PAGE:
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Northland health systems get $1.7 million for ultrasound equipment

The money is part of a $26 million statewide grant from the Helmsley Charitable Trust to expand emergency health care resources in rural areas.

A woman is viewed from behind administering an ultrasound test on a patient, with the screen showing the ultrasound
Grants from the Helmsley Charitable Trust will provide ultrasound equipment to several Northland hospitals and nearly 100 hospitals across Minnesota.
Contributed / Dirk Lammers

MINNEAPOLIS — Several Northland health care systems have been awarded grants from the Helmsley Charitable Trust to purchase ultrasound imaging equipment for their rural hospitals. The grants are part of a $26.4 million statewide award given to just under 100 hospitals and health service centers.

The area hospitals receiving grants include:

  • Bigfork Valley Hospital, $102,400.
  • Ely-Bloomenson Community Hospital in Ely, $285,654.
  • Essentia Health Virginia, $297,376.
  • Grand Itasca Clinic and Hospital in Grand Rapids, $335,587.
  • Lake View Hospital (St. Luke's) in Two Harbors, $253,075.
  • North Shore Health in Grand Marais, $207,235.
  • Riverwood Healthcare Center in Aitkin, McGregor and Garrison; $233,092.

The Leona M. and Harry B. Helmsley Charitable Trust is a private health grantmaking foundation. The trust's recent grant has purchased about 200 ultrasound devices for Minnesota hospitals, including point-of-care ultrasound machines, general ultrasound systems and cardiovascular ultrasound systems.
Point-of-care ultrasound machines are used at the bedside of a patient for immediate assessment, and can diagnose conditions including internal bleeding, collapsed lungs, ruptured aortic aneurysms and about 60 other life-threatening problems that require immediate diagnosis and intervention, according to David Plummer, a Hennepin Healthcare doctor of emergency medicine who was among the first in the country to study the efficacy of ultrasound systems in emergency care.

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"Patients who benefit from point-of-care ultrasound are not uniquely confined to larger, urban trauma centers," Plummer said. "Patients with that long list of conditions that I referred to come into every emergency department everywhere. ... This equipment at the bedside will help all of our colleagues around the state who are excellent, they just need a good tool in their hand in order to do the same, really rapid diagnosis and disposition and interventions as large trauma centers."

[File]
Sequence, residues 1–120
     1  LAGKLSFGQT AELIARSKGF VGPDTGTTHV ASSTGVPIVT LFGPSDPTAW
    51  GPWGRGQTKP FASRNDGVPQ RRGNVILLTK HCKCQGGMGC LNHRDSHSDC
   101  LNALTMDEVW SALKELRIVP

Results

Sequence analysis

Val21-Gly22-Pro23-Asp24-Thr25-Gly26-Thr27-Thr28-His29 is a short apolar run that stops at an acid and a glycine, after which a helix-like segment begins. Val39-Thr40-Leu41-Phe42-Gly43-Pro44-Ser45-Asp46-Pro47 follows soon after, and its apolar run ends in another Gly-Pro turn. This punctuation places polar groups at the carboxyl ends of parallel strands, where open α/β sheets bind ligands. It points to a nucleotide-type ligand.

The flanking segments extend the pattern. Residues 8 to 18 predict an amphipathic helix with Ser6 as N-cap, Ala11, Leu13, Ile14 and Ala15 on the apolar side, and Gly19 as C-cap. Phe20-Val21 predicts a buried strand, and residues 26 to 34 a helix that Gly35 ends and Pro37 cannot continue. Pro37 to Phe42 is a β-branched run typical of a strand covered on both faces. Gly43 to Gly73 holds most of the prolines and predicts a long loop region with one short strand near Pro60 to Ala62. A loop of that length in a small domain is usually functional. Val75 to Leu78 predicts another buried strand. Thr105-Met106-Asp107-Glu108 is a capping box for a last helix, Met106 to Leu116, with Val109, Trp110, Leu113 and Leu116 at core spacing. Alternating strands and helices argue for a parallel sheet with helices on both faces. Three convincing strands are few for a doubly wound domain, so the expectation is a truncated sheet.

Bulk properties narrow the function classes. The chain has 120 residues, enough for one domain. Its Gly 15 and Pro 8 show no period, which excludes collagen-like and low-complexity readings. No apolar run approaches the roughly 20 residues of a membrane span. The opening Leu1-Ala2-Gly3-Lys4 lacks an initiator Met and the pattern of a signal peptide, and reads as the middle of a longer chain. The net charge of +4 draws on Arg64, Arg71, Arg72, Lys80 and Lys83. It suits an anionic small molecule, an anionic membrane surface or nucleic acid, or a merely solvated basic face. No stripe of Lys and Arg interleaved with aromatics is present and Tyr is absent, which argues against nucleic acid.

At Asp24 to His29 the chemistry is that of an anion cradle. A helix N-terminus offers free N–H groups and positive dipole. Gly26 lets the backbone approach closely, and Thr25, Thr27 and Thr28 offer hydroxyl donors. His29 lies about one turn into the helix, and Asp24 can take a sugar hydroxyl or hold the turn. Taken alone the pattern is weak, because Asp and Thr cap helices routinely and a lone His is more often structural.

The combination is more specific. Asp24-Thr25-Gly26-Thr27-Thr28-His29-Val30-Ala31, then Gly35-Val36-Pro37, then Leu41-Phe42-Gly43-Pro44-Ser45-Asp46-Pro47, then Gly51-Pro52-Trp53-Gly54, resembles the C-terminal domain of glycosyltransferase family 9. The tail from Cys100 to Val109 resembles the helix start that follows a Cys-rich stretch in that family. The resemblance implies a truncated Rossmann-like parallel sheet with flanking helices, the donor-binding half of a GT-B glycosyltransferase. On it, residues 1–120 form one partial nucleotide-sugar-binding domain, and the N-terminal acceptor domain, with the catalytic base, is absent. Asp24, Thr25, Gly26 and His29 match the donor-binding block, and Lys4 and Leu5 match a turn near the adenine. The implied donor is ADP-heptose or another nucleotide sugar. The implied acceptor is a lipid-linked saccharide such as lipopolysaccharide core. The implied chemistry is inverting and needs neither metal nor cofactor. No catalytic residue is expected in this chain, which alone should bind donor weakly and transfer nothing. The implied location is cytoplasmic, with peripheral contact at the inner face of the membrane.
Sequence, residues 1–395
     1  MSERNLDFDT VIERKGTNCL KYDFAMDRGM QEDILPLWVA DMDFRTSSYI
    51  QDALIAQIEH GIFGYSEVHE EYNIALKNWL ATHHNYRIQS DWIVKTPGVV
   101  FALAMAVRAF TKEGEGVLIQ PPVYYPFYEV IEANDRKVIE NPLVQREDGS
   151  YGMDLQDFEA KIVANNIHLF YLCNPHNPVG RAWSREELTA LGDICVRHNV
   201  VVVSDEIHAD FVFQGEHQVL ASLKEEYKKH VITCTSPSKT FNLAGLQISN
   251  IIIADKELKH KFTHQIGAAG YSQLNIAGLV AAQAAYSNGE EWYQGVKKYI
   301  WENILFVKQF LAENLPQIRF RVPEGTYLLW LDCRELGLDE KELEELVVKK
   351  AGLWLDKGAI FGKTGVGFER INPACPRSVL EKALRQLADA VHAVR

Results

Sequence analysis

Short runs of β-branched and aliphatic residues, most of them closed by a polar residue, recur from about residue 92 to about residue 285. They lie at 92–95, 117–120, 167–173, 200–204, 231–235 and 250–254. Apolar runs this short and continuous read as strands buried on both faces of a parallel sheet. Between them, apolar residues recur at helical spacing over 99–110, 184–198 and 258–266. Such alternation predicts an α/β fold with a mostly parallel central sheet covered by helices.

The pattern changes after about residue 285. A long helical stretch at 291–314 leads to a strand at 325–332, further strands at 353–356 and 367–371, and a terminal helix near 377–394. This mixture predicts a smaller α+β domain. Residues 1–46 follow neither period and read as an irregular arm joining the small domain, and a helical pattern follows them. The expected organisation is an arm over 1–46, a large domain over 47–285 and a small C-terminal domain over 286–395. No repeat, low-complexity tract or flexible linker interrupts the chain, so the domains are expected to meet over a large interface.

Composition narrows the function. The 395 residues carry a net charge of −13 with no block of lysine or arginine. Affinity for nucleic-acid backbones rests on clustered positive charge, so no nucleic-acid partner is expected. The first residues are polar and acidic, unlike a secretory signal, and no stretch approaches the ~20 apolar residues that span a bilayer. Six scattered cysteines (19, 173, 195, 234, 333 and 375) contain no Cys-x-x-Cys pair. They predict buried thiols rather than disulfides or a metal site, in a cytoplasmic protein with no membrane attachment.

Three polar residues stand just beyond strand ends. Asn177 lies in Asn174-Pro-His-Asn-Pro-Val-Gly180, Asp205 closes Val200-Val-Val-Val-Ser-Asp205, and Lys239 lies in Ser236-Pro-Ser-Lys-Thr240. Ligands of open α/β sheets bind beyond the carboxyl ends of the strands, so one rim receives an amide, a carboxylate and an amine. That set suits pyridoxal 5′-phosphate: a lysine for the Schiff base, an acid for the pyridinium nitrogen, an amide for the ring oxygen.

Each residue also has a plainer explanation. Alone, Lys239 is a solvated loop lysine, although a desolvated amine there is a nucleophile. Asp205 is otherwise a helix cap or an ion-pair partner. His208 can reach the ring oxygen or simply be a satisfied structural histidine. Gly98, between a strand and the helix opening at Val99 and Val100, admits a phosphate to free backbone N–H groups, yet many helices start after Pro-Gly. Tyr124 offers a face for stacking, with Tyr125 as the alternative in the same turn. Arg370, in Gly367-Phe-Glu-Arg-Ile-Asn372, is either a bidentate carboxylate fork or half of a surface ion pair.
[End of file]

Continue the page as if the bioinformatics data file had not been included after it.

Kimber Wraalstad, chief executive officer and administrator of North Shore Health, said the Grand Marais hospital has already begun using its point-of-care ultrasound machine, and will receive a general ultrasound system soon.


"Just last week I was talking with one of the providers and I asked if he was using the ultrasound machine, and he said he'd feel naked without it and he uses it every time he's here," Wraalstad said. "It just makes a difference in his level of comfort and his ability to care for the patient."

Helmsley trustee Walter Panzirer said during a Tuesday news conference at Hennepin Healthcare in Minneapolis that the technology will help millions of Minnesotans access high-quality health care with the faster diagnostic capabilities the ultrasounds will bring.

"I often say that your ZIP code should not determine your health care outcomes, but unfortunately, it does," Panzirer said.

The grant includes about $8 million to go toward training. The Minnesota Academy of Family Physicians Foundation will help teach providers to use their new equipment. St. Cloud Technical & Community College and the Minnesota Rural Health Association are expanding their sonographer training programs.

Dr. Robert Reardon, medical director at Hennepin Healthcare's emergency department and professor of emergency medicine at the University of Minnesota Medical School, said there's been a high interest from rural providers to learn how to use point-of-care ultrasound equipment. However, there hasn't been enough time to train providers during one- or two-day classes, and the equipment itself has been inaccessible to some health systems because of the cost.

"We have 40 or 50 instructors, which is a lot, and they've all volunteered their time over the years. Now we're going to be able to pay them through the grant to actually go out and do longitudinal training," Reardon said. They will have three years of continuous training, along with quality assurance and teletraining.

Rainy Lake Medical Center in International Falls also received a portion of the funding. Duluth-based Essentia Health received grants for four of its other Minnesota hospitals in Ada, Detroit Lakes, Fosston and Graceville.

Laura Butterbrodt covers health for the Duluth News Tribune. She has a bachelor of arts in journalism from South Dakota State University and has been working as a reporter in Minnesota and South Dakota since 2014.
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